The Covid-19 pandemic has taken away nearly four months of schooling of the schoolchildren in low and lower-middle-income countries where access to remote learning are not adequate, said a new report by UNESCO, UNICEF and the World Bank.
The report said in high-income countries schoolchildren have lost six weeks of schooling due to the pandemic.
The report collects data from nearly 150 countries between June and October on national education responses to Covid-19. It finds that schoolchildren in low-and lower-middle-income countries were the least likely to access remote learning. They were also the least likely to be monitored on their learning loss and the most likely to have delays to their schools reopening.
Chief of Education of UNICEF Robert Jenkins said, "In low- and lower-middle-income countries, this devastation is magnified as limited access to remote learning, increased risks of budget cuts and delayed plans in reopening have thwarted any chance of normalcy for schoolchildren."
"Prioritising reopening schools and providing much-needed catch-up classes are critical," he added.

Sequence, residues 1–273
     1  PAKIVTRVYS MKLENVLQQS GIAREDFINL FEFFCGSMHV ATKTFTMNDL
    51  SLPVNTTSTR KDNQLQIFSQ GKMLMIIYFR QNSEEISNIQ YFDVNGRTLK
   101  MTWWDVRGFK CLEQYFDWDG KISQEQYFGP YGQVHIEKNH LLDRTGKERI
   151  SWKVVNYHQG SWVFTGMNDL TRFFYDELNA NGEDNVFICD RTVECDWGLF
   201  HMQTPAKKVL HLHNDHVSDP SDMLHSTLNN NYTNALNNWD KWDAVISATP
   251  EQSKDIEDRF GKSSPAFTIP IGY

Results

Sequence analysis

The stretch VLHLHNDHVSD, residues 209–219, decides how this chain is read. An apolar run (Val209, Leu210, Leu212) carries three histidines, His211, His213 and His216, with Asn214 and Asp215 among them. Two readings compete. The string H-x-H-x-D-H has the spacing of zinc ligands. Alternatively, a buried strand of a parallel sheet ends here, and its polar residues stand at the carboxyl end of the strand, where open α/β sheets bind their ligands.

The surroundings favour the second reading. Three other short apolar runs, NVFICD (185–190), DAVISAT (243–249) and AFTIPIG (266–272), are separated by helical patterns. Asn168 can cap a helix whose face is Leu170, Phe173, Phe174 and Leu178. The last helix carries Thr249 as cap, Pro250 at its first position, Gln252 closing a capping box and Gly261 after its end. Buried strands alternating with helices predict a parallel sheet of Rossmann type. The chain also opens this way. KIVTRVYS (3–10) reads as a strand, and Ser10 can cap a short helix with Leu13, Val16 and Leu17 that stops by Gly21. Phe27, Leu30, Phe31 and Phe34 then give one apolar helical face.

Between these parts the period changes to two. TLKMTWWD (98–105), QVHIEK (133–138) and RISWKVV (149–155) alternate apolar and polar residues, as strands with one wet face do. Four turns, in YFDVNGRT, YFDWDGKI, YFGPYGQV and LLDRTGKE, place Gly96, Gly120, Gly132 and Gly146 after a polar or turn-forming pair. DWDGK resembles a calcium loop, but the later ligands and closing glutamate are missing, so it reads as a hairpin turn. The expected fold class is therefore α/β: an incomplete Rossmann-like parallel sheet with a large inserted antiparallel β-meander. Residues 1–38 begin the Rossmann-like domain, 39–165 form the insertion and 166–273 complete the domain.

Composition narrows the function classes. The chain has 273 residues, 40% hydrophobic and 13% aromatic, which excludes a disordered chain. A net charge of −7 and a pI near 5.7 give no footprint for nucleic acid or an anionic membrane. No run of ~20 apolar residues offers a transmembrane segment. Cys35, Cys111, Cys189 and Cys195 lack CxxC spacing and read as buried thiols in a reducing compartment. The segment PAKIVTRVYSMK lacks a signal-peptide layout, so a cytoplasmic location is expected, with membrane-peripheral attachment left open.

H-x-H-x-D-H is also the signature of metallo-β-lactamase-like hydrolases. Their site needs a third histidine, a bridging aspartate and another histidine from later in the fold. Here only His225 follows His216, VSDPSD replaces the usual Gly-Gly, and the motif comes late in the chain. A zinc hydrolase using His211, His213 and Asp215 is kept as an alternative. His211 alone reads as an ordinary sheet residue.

According to the report, more than two-thirds of the countries have reopened their school fully or partially. Among them, one in four countries has missed their planned reopening date and most of which are low-and lower-middle-income countries.
Nearly 40 percent of low-and lower-middle-income countries responded that they have faced a decrease in the education budget. Half of the low-income countries said they do not have adequate funds for ensuring health safety measures, the report reads.
"The pandemic will notch up the funding gap for education in low and middle-income countries. By making the right investment choices now, rather than waiting, this gap could be significantly reduced," said Stefania Giannini, assistant director-general for education, UNESCO.
The report also finds that almost all countries incorporated remote education through online platforms, TV and radio programmes.
It says there are large scale differences between rich and comparatively poorer countries to provide children and youth effective learning.
"We were worried about learning poverty before the pandemic and also about the inequality in learning opportunities. Now the learning baseline is lower, but the increase in inequality of opportunities could be catastrophic," said Jaime Saavedra, global director for education, World Bank.